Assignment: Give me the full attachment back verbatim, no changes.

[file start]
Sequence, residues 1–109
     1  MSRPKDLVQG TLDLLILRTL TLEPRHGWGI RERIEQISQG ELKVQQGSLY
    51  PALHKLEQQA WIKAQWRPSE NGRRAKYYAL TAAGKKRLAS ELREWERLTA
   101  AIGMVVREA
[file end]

Sequence, residues 1–109
     1  MSRPKDLVQG TLDLLILRTL TLEPRHGWGI RERIEQISQG ELKVQQGSLY
    51  PALHKLEQQA WIKAQWRPSE NGRRAKYYAL TAAGKKRLAS ELREWERLTA
   101  AIGMVVREA